Mary D. Nettleman, MD, MS, MACP is the Chair of the Department of Medicine at Michigan State University. She is a graduate of Vanderbilt Medical School, and completed her residency in Internal Medicine and a fellowship in Infectious Diseases at Indiana University.
Dr. Charles "Pat" Davis, MD, PhD, is a board certified Emergency Medicine doctor who currently practices as a consultant and staff member for hospitals. He has a PhD in Microbiology (UT at Austin), and the MD (Univ. Texas Medical Branch, Galveston). He is a Clinical Professor (retired) in the Division of Emergency Medicine, UT Health Science Center at San Antonio, and has been the Chief of Emergency Medicine at UT Medical Branch and at UTHSCSA with over 250 publications.
HIV is transmitted when infected material such
as blood or semen or other infected fluids gains access to a new host. In the
United States, surveillance statistics show there are approximately 1.1 million
people living with HIV infection, but 18% are unaware that they are infected.
Approximately 50,000 people get infected with HIV each year. Although the
epidemic first was recognized in homosexual men, it has spread broadly
throughout the U.S. New infections affect people from all subpopulations,
although some groups are more likely to be affected than others. Of the 47,500
new infections in 2010, 63% were in men who had sex with men (MSN), 25% were
acquired through heterosexual contact, and 8% were from injection drug use. HIV
infection has hit the African-American community harder than other groups, with
44% of new infections occurring in this population, compared to 31% in whites
and 21% in Hispanics. Over 600,000 Americans have died of HIV infection since
the epidemic began.
Worldwide, there are approximately 34 million people living with HIV, and
there are 2.5 million new cases each year. Since HIV infection was recognized,
there have been 30 million deaths as a result of HIV infection.
What are the different stages of an HIV infection?
Untreated infection with
HIV progresses over time and gradually impairs specific parts of the immune
system, especially by destroying the white blood cells known as CD4 lymphocyte
cells. This progression is described as occurring in stages. All stages require
laboratory confirmation of HIV infection.
There are multiple different staging
systems. For example, the Centers for Disease Control and Prevention case
definition uses a staging system based on how much damage has been done to the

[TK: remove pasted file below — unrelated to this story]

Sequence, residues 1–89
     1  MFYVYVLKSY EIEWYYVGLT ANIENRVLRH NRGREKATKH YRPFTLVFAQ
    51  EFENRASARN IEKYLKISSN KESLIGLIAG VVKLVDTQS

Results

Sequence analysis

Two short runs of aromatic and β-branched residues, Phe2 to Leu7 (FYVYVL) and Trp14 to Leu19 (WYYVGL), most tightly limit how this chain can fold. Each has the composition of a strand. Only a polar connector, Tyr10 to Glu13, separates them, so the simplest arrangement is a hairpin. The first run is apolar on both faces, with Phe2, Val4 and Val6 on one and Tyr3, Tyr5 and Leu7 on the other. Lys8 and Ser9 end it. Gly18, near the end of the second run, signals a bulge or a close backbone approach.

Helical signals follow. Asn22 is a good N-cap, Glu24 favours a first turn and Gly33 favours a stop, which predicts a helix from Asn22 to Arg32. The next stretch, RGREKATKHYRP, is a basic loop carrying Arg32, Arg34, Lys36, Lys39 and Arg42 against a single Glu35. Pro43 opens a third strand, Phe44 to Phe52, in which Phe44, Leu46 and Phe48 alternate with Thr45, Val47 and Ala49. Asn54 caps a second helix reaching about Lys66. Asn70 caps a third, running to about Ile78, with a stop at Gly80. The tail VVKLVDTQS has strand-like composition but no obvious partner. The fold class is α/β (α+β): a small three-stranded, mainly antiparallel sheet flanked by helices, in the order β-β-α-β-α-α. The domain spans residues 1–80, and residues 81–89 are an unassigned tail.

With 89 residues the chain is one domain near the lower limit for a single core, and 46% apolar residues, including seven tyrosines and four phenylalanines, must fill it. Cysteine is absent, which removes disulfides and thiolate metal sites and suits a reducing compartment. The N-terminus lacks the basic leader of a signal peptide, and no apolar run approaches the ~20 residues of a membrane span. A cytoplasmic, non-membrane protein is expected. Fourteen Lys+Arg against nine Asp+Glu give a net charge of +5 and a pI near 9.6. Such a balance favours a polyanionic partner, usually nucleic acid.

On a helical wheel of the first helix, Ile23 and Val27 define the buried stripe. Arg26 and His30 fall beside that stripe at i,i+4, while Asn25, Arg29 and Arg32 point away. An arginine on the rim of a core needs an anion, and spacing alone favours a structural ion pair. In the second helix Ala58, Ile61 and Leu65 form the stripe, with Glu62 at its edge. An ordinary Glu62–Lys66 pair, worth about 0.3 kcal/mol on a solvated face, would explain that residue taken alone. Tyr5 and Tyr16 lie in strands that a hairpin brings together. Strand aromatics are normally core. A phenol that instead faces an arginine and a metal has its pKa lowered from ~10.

Stage 1 disease is the earliest phase. Stage 1 has no unusual
infections or cancers or other conditions that would be associated with AIDS. In
other words, stage 1 disease has no "AIDS-defining conditions" (see below).
Although blood tests are positive for HIV, the CD4 cell count is at least 500
cells per microliter of blood (or >29% of all lymphocytes).
Stage 2 disease
occurs when the CD4 count is between 200-499 cells per microliter (14%-28% of
all lymphocytes), but again there are no AIDS-defining conditions present.
3 disease is synonymous with AIDS and is the most severe stage. There are two
ways of diagnosing stage 3 disease: either by CD4 counts below 200 cells per microliter (<14% of lymphocytes) or through documentation of an AIDS-defining
Another way to conceptualize HIV is according to the characteristics or
clinical manifestations: acute infection, clinical latency, or AIDS.
infection: Two to four weeks after infection with HIV, the patient can experience an
acute illness, often described as "the worst flu ever." This is called acute
retroviral syndrome (ARS) or primary HIV infection, and it is caused by the
body's natural response to the HIV infection. Not all newly infected people
develop ARS, however -- and it can take up to three months for it to appear. During
this period of infection, large amounts of virus are being produced. The virus
uses CD4 cells to replicate and destroys them in the process. Because of this,
the CD4 count can fall rapidly. Eventually, the immune response will begin to
bring the level of virus in the body back down to a level called a "viral set
point," which is a relatively stable level of virus in the body. At this point,
the CD4 count begins to increase, but it may not return to pre-infection levels.
The human immune response suppresses the virus but does not eliminate it from
Clinical latency: After the acute stage of HIV infection, the
disease moves into a stage called clinical latency. This period is sometimes
called asymptomatic HIV infection or chronic HIV infection. During this phase,
HIV reproduces at very low levels, although it is still active. In this state,
infected people may be able to maintain an undetectable viral load and a healthy
CD4 cell count without the use of medication for a time. There are usually few
if any symptoms. This period can last up to eight years or longer. However, some
people progress through this phase faster than others. It is important to
remember that people are still able to transmit HIV to others during this phase.
Toward the middle and end of this period, the viral load begins to rise and the
CD4 cell count begins to drop. As this happens, infected people may begin to
have constitutional symptoms such as fatigue and other nonspecific symptoms.
AIDS: As the number of CD4 cells falls below 200 cells per cubic millimeter of
blood (200 cells/cubic milliliter), people will be diagnosed as having AIDS.
Normal CD4 counts are between 500 and 1,600 cells per cubic milliliter. This is
the stage of infection that occurs when the immune system is badly damaged and
patients become vulnerable to opportunistic infections. Without treatment,
people who are diagnosed with AIDS typically survive about three years. Once someone
has a dangerous opportunistic infection, life expectancy falls to about one year.
AIDS-defining conditions in an HIV-infected person include the following:
bronchi, trachea, lungs, or esophagus